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Lobby slams Uhuru administration over widespread human rights violations

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The Kenya National Commission on Human Rights has taken a swipe at President Uhuru
Kenyatta’s administration for reversing gains in human
rights protection since taking over power in 2013.

The lobby group on Monday said human rights violations by Uhuru’s office have been perpetuated
from numerous attacks on the media and civil society groups.

Vice chair George Morara said threats to
the media and activists by State House have denied the two groups their
lawful role of protecting human rights.

“We must
acknowledge the fact that since 2013, the CSOs and media have come under
increasing attacks, especially from the Executive Arm of the Government, mostly
for no other reason than the fact they were standing up for human rights_for
someone’s rights,” Morara said.

He spoke at
the University of Nairobi when Kenya joined the world in marking the 70th International
Human Rights Day attended by top government officials and foreign diplomats.

Government
officials present were the Council of Governors chairman Josphat Nanok, Nairobi
Governor Mike Sonko and Secretary of Justice in Attorney General’s office
Maryanne Njau.

Diplomats
include Head of European Union delegation Stefano Dejak, UN Resident
Coordinator in Kenya Siddharth Chatterjee and UN High Commissioner for Human
Rights representative Marcella Favretto.

Others were
Amnesty International- Kenya chairperson Renee Ngamau, her executive director
Houghton Irungu and the Safaricom Chief Corporate Affairs Officer Steve Chege.

“We have
seen threats of closure, actual closures, threats of deregistration and actual
deregistration of some members of these key actors in the promotion of human
rights in Kenya,” Morara said.

He was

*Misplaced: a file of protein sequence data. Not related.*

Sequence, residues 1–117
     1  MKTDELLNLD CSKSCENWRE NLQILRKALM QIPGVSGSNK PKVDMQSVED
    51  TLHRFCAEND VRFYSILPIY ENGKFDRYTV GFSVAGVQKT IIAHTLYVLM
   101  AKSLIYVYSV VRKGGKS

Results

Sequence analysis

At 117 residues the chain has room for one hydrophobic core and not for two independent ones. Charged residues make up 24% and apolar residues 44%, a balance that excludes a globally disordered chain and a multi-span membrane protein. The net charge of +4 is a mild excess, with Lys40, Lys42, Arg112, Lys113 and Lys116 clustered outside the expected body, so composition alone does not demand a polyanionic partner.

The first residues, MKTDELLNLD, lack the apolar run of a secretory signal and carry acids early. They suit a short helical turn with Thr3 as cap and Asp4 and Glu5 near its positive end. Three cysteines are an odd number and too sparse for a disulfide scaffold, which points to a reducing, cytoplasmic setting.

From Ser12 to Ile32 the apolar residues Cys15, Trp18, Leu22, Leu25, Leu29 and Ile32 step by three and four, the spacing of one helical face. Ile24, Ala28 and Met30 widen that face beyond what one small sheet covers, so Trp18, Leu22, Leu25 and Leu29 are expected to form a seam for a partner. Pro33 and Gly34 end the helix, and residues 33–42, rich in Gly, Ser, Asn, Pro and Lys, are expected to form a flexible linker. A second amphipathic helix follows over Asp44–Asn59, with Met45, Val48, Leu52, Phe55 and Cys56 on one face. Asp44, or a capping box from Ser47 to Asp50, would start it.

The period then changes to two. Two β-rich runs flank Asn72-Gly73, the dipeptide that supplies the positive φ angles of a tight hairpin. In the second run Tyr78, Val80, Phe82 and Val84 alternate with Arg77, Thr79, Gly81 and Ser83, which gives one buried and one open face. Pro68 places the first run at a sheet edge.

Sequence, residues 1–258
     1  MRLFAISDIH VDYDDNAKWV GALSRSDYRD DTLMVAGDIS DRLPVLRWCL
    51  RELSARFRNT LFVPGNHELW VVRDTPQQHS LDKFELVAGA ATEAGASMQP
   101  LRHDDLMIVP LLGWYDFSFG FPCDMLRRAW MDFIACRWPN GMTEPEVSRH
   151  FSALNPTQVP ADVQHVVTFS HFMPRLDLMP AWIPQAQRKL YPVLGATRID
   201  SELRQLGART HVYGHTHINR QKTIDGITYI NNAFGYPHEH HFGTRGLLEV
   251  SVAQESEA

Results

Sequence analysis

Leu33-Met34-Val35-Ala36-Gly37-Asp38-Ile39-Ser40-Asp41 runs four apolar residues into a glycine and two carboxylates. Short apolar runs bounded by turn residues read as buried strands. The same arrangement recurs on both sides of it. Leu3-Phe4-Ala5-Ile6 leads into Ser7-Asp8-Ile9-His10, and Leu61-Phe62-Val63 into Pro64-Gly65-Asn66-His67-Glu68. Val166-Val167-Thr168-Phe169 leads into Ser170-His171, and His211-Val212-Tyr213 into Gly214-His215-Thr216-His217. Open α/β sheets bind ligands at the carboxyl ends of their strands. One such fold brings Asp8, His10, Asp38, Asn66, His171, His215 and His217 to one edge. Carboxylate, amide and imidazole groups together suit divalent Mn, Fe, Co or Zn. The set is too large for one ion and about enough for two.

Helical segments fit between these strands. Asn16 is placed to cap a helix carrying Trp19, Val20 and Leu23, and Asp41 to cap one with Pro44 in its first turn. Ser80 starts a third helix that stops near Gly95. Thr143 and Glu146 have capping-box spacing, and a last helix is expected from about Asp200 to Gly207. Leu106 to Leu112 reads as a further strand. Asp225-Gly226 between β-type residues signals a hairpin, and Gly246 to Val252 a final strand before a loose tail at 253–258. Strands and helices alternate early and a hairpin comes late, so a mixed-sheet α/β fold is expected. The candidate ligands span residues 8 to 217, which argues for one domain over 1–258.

citing the controversial January 30 swearing in of NASA leader Raila Odinga as
people’s president that saw major television station switched off in preventing
them from covering the event.

Morara was
also citing last year’s move by the Jubilee administration to deregister
several civil society groups and Foundations during the election period.

The KNCHR
vice chair challenged the Presidency to stand up for the rights of a “vibrant”
civil society and media by implementing the Public Benefit Organization Act,
2013.

“This Act
provides a sound framework for enhancing the efficiency of civil society while
at the same time promoting a healthy co-existence between CSOs and the state,”
Morara said.

“Full
implementation of the Act will create a win-win outcome. It will also boost our
rule of law index since our courts have already issued orders that the Act be
operationalised.”

The Amnesty
International-Kenya chair decried rising incidences of human rights violations
in the country including unlawful evictions and extrajudicial killings in the
country.

“As we rededicate ourselves to the
ideals of the Universal Declaration of Human Rights, we call on Kenyans to
demand that all citizens regardless of their class, gender, ethnicity or sexual
preference fully enjoy the rights and freedoms contained in the Declaration and
our own Bill of Rights,” Ngamau said.

Nanok, the Council of Governors chair, raised concern
over runaway corruption, ‘rotten government’ and disregard to rule of law as
vices impeding enjoyment of human rights in the country.

“These
are some of vices that have constantly kept tying us in poverty. Actualizing
human rights is through action, not words,” Nanok said.

The
Head of EU delegation in Kenya lauded progress the country has made in champion
human rights compared to the neighboring countries while challenging women to fight
for equal political representation.

“Gender
inequality is a big case in Kenya but it is not the two thirds gender bill that
will resolve the inequality. There is much more that needs to be done,” Dejak
said.

He
noted that no society can develop fully unless women are also involved without
discrimination.

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